Sveum says Soriano doesnt need the big stick

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Sveum says Soriano doesnt need the big stick

MILWAUKEE Maybe Alfonso Soriano connects and goes off on one of those hot streaks where he carries the Cubs offense.

But its the middle of May and the 136 million man still hasnt hit a home run yet.

The fact of the matter is fastballs are getting too deep, manager Dale Sveum said Sunday. Whatever it is, its just a strange phenomenon right now that Edwin Maysonet has more home runs than Alfonso Soriano.

Maysonet, a Milwaukee Brewers utility guy, got his first one in Saturdays win over the Cubs. (Sveum said that Chris Volstad who gave up that grand slam and has a 6.92 ERA will make his next start and keep a spot in the rotation for now.) Outside of Bryan LaHair, the Cubs havent seen many big moments like that.

Thats tough to swallow, Sveum said. We got to get some two- and three-run home runs out of that position. Theres no question about it. Were having trouble sustaining innings.

Soriano woke up on Sunday hitting .250 with 15 RBI and a .284 on-base percentage. Sveum, an old hitting coach, has suggested using a different bat.

Soriano has been open to the idea and made some changes. But Sveum said Soriano just didnt go as far as I wanted.

Theres no question Id like to see a much lighter bat, Sveum said. He has adjusted a little bit, but I think a really smaller, lighter bat would help a lot.

Soriano is among the teams hardest workers, and one of the more popular players in the clubhouse. He does not have a reputation of being difficult to deal with.

Its one of those things where you can tell a guy to use a really small, light bat Sveum said. The physics alone it makes sense.

Youre talking a few ounces two, three ounces and I think a shorter bat only makes sense to help out. Theres no question.

Maybe it will all even out for Soriano by the end of the year. Albert Pujols and David Ortiz are the only two other players with 10-straight 20-homer seasons through 2011.

The power outage in Southern California became a national story. It took Pujols until May 6 before he hit his first home run for the Los Angeles Angels.

Soriano is 36 years old and likes swinging the big bat. Its worked for most of his career. Hes watched his 340 homers fly in the big leagues. His manager understands the dynamics.

Its very hard to do, Sveum said. Its almost like a (mechanical thing). Its hard to change your mechanics. Its hard to change something thats felt so comfortable.

Sometimes when you take a 35-, 35-and-a-half-inch bat, and you make it 34, (it) looks like its 31 inches, (just) so much smaller. Those things are harder to get over than people think.

Anthony Rizzo fires back at Miguel Montero: 'That labels you as a selfish player'

Anthony Rizzo fires back at Miguel Montero: 'That labels you as a selfish player'

Anthony Rizzo pulled no punches in firing back at Miguel Montero after Tuesday night's rant.

Montero didn't even wait to get changed after the Washington Nationals stole seven bases, immediately throwing pitcher Jake Arrieta under the bus for not holding players on.

Rizzo — the face of the franchise and one of the leaders in the clubhouse — hopped on David Kaplan's radio show on ESPN 1000 Wednesday morning and aboslutely ripped Montero:

Here are Rizzo's complete comments:

"He's obviously frustrated. Whenever anyone steals seven bases, Miggy gets frustrated. It's his second time barking in the media and not just going to his teammates. It's something as a veteran like he is, you'd think he'd make smarter decisions about it."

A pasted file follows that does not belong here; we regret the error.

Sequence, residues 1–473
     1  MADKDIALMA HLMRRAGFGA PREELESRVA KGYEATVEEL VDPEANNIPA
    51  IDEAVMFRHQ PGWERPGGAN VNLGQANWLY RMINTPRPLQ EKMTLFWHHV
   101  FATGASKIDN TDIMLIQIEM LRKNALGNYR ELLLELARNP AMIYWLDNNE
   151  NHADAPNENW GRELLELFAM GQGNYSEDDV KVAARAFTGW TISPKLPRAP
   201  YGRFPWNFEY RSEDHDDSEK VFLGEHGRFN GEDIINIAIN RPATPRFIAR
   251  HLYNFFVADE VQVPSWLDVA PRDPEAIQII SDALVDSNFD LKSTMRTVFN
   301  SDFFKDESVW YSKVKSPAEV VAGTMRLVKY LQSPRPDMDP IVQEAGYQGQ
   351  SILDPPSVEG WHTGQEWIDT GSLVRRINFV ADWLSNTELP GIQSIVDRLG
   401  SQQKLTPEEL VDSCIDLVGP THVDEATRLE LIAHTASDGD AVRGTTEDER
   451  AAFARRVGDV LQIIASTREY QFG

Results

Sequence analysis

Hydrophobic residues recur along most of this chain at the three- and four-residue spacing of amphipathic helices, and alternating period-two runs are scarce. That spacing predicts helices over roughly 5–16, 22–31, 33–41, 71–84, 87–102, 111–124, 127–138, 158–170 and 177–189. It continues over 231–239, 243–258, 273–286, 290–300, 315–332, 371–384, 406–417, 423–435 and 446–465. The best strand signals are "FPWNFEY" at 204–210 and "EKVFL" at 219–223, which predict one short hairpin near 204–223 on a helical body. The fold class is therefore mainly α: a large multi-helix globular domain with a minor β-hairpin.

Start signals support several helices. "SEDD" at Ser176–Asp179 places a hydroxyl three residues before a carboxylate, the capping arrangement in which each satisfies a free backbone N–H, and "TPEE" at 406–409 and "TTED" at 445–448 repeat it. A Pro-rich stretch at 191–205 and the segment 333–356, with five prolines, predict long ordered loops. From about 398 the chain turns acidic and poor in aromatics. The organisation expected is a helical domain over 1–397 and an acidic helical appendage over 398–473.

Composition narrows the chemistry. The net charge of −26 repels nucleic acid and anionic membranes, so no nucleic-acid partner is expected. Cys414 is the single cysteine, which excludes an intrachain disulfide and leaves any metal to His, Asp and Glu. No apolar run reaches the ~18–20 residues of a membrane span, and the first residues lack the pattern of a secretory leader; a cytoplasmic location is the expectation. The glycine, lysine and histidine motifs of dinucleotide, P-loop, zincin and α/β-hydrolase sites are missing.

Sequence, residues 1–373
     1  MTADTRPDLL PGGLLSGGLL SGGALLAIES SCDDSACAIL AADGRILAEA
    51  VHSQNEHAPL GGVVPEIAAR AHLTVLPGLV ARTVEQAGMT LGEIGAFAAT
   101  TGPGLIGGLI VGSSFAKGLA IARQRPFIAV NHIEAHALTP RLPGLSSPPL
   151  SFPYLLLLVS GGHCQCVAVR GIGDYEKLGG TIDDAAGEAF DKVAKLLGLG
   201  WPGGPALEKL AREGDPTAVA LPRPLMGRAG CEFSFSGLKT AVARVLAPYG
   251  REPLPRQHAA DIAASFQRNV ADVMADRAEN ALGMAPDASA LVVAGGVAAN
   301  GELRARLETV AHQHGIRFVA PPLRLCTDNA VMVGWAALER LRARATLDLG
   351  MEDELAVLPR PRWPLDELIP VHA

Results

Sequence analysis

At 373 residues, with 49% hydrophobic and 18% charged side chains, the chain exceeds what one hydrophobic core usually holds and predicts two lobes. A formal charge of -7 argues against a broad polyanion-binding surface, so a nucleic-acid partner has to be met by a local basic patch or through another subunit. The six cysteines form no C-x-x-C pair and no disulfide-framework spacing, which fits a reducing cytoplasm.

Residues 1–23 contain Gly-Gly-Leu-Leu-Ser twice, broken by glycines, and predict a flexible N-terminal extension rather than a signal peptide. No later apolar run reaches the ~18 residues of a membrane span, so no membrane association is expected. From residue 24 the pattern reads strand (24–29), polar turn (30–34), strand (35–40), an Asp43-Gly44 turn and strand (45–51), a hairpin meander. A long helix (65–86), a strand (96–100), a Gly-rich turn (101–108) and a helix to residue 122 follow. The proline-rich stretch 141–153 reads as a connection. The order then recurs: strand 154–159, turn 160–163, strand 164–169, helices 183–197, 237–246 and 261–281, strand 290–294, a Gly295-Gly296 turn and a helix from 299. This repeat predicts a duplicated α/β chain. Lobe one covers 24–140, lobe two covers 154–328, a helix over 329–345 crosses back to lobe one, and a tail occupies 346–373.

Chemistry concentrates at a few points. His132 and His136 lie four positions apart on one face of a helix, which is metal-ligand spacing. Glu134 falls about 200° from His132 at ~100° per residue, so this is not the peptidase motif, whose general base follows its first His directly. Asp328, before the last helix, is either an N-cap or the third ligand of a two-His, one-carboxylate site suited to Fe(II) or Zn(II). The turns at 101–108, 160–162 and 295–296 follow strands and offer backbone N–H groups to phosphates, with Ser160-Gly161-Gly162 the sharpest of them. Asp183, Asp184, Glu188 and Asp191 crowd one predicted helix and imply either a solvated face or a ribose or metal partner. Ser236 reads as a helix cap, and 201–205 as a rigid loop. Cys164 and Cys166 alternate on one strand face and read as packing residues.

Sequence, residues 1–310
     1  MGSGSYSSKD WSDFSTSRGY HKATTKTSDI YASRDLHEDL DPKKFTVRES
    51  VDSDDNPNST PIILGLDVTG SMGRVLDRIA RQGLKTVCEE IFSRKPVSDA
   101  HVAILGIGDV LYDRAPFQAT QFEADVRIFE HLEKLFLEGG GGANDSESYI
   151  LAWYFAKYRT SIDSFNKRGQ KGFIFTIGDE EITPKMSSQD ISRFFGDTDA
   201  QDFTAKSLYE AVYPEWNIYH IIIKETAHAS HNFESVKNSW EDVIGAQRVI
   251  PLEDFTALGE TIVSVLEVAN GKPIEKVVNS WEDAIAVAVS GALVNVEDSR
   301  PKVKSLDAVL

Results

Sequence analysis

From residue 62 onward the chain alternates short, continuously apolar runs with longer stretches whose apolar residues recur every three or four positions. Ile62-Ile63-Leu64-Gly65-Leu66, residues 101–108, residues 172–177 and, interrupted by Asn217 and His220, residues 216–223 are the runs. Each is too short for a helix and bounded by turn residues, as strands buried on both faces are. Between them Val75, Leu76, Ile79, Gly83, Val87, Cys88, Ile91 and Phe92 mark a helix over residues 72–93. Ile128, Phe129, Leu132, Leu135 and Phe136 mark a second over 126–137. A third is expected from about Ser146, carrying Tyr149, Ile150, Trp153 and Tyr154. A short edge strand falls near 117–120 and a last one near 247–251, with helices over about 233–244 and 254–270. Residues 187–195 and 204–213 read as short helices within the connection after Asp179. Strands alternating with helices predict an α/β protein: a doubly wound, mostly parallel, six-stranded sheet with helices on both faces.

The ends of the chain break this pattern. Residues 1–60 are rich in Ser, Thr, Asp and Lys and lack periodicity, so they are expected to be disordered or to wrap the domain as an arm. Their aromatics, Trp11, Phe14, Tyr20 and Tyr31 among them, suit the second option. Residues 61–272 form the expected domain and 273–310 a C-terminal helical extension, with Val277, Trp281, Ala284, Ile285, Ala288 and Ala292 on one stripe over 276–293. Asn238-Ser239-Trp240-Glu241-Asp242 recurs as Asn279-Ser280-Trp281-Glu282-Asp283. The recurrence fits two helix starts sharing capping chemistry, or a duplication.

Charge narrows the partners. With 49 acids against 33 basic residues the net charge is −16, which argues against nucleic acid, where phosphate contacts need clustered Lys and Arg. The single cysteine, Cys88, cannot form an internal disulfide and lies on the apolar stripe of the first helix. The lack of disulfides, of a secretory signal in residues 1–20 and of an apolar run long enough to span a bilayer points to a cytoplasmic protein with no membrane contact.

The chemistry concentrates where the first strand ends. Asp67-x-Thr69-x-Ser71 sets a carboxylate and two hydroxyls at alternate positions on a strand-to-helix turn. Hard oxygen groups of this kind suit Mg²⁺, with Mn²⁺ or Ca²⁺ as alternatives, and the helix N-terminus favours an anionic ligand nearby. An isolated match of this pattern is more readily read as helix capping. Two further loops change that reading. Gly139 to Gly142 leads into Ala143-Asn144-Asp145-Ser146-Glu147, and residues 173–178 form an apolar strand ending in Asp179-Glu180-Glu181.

Rizzo said he was not aware of the Montero rant in the clubhouse Tuesday night and only heard about it afterwards.

"I had no idea aobut it until I got back to the hotel and saw all this stuff. I got a couple text messages from a couple of my friends just kinda asking, 'What the hell is this guy doing?' Listen, we win as a team, we lose as a team. If you start pointing fingers, I think that just labels you as a selfish player. I disagree. We have another catcher that throws out everyone who steals and he has Jon Lester who doesn't pick over. It's no secret. I think going to the media with things like that, I don't think it's very professional."

So how does Rizzo handle it from here?

"Something like this, it's out in the public now. Things that get handled with coffee or in the clubhouse are things that people never know about. Sometimes, they get out. But this was obviously all over 'Sportscenter' last night and whatnot and we're talking about it today. We win as 25, we lose as 25. To call your teammates out via the press, I mean, what's the point?"

Rizzo is dead on in referencing Willson Contreras, who is throwing out 34 percent of runners attempting to steal against him, even serving as Lester's personal catcher. Contreras may have one of the best arms in the game, but he is catching the exact same pitching staff Montero is and has found a way to nab 16 would-be basestealers out of 47 attempts.

Meanwhile, Cubs numbers list Montero as 0-for-31 in throwing out basestealers.

The league average caught-stealing rate is 28 percent.

Preview: Cubs continue series with Nationals tonight on CSN

Preview: Cubs continue series with Nationals tonight on CSN

The Cubs continue their series with the Washington Nationals on Wednesday night in the nation's capital, and you can catch all the action on CSN and streaming live on CSNChicago.com and via the NBC Sports app.

Coverage from the District of Columbia with Len Kasper and Jim Deshaies begins at 6 p.m. Be sure to stick around after the game for reaction and analysis on Cubs Postgame Live.

Tonight's starting pitching matchup: John Lackey (5-8, 4.74 ERA) vs. Stephen Strasburg (8-2, 3.57 ERA)

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